Thirty Four CountingAs busy members of the Universi-ty community, we sometimes forget all of the work that goes behind find-ing our professors, organizing our esteemed curriculums, and financ-ing our residence halls and extracur-ricular activities. However, standing behind all of these imperative deci-sions is Provost Thomas Pearson, Vice President for Academic Af-fairs, who is the longest standing Provost in the Northeast.

Pearson’s specialization is in Rus-sian history, which he said interests him because, “It’s a land of fascinating paradoxes. It is the largest landmass in the world, a history of strong state power, and yet people are still able to evade it and challenge it.” He said that even when he was young, flip-ping through an atlas, Russia always had a “mystifying” quality to it that he was attracted to. Plus, he grew up dur-ing the 1960’s, the Cold War period, which only increased its perplexing characteristics.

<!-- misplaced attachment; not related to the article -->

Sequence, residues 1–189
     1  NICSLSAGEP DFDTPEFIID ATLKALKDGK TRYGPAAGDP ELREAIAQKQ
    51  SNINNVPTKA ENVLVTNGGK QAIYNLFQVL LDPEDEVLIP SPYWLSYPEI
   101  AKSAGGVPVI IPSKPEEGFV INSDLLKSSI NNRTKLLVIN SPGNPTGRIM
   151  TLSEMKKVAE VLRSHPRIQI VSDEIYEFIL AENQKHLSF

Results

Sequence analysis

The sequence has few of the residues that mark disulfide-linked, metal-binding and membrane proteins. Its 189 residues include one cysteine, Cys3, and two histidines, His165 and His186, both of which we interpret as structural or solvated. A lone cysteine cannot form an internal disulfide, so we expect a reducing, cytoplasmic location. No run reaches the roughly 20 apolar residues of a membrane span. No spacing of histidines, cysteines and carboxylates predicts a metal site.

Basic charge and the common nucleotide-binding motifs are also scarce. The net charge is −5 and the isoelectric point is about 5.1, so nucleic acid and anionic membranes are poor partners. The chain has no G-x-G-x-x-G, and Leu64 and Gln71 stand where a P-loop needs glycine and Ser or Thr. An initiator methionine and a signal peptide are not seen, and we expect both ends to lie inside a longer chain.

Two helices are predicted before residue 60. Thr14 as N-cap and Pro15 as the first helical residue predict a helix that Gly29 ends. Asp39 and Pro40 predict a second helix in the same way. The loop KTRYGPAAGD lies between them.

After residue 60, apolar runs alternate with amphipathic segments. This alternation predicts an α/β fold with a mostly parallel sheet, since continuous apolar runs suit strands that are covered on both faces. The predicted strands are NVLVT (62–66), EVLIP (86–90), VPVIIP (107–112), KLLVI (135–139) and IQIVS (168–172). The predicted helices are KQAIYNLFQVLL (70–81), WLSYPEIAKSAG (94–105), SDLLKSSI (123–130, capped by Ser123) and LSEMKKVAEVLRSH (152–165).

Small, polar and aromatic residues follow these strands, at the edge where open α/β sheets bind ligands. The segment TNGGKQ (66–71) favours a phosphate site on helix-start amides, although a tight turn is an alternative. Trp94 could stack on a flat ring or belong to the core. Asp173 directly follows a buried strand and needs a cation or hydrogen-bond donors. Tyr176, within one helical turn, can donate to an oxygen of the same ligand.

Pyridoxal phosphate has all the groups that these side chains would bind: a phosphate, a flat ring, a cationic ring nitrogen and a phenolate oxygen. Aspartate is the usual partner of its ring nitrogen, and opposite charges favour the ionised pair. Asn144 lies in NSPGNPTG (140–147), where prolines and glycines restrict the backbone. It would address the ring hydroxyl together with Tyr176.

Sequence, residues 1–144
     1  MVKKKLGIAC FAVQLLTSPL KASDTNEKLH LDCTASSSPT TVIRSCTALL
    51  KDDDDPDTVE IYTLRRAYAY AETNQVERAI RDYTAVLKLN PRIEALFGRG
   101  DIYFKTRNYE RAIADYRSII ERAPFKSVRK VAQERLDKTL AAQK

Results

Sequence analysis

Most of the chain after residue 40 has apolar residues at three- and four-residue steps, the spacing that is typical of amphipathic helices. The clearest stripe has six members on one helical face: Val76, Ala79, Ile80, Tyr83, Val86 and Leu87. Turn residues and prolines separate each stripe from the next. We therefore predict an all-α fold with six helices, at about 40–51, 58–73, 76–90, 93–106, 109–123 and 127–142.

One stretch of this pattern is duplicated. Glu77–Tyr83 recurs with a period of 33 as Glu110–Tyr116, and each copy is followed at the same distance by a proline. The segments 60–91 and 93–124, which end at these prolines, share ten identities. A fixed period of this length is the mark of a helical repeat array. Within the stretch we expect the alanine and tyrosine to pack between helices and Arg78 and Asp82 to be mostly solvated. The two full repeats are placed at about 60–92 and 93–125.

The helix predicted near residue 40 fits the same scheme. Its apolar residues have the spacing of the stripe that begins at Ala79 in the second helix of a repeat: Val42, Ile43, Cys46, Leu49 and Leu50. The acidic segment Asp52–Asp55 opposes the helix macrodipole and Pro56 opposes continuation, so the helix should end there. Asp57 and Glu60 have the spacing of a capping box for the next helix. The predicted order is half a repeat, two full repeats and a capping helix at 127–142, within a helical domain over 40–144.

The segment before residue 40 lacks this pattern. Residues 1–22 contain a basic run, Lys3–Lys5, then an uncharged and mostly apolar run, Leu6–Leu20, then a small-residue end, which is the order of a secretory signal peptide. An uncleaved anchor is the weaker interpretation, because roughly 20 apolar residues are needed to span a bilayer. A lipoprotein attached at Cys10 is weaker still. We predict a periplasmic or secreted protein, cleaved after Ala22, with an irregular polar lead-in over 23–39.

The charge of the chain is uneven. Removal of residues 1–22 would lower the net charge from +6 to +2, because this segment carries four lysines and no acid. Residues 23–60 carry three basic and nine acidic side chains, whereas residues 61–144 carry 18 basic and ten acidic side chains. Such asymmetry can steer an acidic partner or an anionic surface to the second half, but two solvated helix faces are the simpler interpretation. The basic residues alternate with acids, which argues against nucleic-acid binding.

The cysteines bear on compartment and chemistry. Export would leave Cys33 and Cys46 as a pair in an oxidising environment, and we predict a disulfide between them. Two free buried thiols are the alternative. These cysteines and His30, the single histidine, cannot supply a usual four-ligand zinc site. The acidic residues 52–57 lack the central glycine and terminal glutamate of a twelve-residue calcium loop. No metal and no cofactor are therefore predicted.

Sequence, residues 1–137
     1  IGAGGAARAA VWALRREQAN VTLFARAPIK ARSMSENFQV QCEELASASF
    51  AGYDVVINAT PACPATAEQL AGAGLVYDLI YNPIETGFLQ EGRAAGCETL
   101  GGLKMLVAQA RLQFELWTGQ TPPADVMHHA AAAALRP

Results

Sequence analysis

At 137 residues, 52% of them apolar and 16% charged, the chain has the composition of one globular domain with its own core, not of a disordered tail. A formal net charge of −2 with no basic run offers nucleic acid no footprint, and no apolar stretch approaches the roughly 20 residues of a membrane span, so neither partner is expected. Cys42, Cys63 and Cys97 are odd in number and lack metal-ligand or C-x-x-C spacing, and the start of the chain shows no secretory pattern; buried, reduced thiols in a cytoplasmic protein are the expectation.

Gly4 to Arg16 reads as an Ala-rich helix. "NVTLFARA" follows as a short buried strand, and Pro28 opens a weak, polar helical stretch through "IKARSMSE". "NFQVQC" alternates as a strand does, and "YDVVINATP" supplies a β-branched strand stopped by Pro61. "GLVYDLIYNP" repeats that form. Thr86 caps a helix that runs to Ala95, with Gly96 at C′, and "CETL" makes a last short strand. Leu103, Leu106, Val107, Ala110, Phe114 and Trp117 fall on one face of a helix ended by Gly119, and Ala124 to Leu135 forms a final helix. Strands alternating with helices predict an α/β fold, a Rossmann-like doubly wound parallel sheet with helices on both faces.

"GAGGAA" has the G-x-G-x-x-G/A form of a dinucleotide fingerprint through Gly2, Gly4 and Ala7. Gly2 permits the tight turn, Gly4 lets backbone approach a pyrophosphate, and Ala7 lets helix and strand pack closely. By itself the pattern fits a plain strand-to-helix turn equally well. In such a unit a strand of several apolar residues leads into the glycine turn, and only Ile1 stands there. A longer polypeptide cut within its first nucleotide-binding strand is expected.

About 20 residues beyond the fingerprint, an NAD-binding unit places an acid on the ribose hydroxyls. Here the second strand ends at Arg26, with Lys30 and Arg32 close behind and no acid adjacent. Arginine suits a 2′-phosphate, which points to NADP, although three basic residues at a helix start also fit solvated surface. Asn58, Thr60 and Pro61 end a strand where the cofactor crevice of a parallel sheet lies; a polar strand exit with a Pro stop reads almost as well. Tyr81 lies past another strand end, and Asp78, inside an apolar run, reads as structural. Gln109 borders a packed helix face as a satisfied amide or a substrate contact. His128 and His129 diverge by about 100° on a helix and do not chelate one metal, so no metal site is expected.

He went on to study Russian history as an undergraduate at Santa Clara University, and then as a graduate and doctoral student at the University of North Carolina.

However, Pearson did not ever in-tend to hold the position of Provost. In 1978, he started as an assistant Russian history professor, brought forth from Auburn University to Monmouth College in search of the ability to develop as a teacher. When Pearson was hired at Monmouth in 1978, the then-college was facing some tough times as the faculty went on a two-week strike in 1979, which led to the removal of President Rich-ard J. Stonesifer. Dr. Samuel Magill succeeded him in 1980.

Following his hiring, Pearson served as History Department Chair, Chair of the Academic Policy Com-mittee, Director of the Honors Pro-gram, Coordinator of Graduate Stud-ies, and Chair of Faculty Council, among other positions.